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The fabrication of fiber Bragg gratings

Fiber Bragg gratings have become an important element in the fields of telecommunications and fiber optical sensing. Their small size, light weight and high tunability have made them ideal for many unique applications. In this paper the fabrication of these devices is investigated.
Following a review of current literature and a discussion of the mechanisms underlying the photosensitivity of optical fibers, a new technique for writing fiber Bragg gratings is presented. This technique uses a diode-pumped Nd:YAG laser operating at 266 nm with pulse energies up to 137 ��J per pulse to write high quality gratings in standard optical fiber. This technique allows for the writing of variable wavelength gratings using a standard diffractive optical element (phase mask). The new technique has much lower setup and laser stability requirements than the conventional methods of writing variable wavelength fiber Bragg gratings. Furthermore, it is found to be very tunable and extremely robust, allowing for extended writing times.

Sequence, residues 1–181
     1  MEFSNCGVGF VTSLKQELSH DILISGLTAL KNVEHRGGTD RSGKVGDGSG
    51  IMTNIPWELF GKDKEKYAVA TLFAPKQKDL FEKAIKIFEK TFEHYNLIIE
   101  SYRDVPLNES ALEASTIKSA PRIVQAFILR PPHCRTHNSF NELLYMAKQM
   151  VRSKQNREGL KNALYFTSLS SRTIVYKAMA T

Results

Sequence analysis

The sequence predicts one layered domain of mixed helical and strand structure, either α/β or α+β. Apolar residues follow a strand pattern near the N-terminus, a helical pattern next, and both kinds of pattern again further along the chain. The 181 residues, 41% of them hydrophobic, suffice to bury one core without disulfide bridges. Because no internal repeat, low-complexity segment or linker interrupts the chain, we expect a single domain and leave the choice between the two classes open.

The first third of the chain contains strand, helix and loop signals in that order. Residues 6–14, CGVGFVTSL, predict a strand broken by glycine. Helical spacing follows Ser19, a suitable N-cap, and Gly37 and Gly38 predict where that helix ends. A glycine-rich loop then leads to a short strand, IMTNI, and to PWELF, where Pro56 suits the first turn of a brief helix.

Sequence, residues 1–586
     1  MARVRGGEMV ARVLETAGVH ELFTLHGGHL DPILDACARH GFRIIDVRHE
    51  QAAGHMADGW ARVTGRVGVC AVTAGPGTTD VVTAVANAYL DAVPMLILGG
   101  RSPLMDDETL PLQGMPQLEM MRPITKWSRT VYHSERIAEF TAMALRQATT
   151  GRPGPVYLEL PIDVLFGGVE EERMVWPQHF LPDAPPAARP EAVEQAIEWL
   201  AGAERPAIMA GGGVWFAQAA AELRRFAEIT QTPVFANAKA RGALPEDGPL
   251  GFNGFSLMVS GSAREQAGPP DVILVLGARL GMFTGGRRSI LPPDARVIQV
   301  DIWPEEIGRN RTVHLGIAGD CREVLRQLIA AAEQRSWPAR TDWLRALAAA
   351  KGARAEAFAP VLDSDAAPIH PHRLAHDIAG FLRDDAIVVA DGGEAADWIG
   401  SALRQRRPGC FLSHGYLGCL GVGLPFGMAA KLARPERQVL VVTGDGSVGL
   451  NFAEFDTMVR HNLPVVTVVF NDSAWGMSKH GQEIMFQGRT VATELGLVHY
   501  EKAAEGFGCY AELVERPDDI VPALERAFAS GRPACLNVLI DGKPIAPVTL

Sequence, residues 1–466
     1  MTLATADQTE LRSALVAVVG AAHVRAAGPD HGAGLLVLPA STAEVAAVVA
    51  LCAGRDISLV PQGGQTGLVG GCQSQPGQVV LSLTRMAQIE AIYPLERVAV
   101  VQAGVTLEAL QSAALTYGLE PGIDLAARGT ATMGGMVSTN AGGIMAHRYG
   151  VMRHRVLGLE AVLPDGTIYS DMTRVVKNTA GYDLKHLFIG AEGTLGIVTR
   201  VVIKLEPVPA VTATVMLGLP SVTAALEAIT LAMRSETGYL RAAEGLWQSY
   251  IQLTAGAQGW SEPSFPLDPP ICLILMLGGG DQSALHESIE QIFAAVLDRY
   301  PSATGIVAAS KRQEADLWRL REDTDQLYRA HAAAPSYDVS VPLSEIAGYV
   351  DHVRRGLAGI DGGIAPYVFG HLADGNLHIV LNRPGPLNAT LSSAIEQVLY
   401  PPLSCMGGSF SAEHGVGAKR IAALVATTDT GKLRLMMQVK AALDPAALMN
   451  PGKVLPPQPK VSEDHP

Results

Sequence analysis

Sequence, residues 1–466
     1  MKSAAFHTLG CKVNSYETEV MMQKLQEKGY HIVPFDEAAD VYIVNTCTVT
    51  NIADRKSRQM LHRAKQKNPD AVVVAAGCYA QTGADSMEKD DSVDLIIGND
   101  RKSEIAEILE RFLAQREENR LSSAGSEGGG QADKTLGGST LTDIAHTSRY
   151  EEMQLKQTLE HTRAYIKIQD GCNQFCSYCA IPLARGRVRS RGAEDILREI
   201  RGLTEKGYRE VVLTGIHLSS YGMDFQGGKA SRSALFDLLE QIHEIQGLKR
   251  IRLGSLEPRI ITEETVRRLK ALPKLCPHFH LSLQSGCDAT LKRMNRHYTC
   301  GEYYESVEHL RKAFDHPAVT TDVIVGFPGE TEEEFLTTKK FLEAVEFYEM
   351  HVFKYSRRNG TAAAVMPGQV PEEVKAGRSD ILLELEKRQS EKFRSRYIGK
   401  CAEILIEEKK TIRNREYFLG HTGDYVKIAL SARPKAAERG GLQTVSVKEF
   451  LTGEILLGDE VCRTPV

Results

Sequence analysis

A preliminary study of the time evolution of the writing process is also presented. It is evident that the process of grating inscription is very complicated and is not always adequately described by current models. In addition. it appears that the process is strongly dependent upon pulse energy and is accelerated by simultaneous heating of the fiber with a C0��� laser and by heating due to the writing laser.
A brief study of the thermal stability of different gratings is then given to determine some of the thermal stability properties of the fiber Bragg gratings written at OSU. / Graduation date: 2001
Date30 June 2000
CreatorsStump, Kurt
ContributorsPlant, Thomas K.
Source SetsOregon State University
Detected LanguageEnglish

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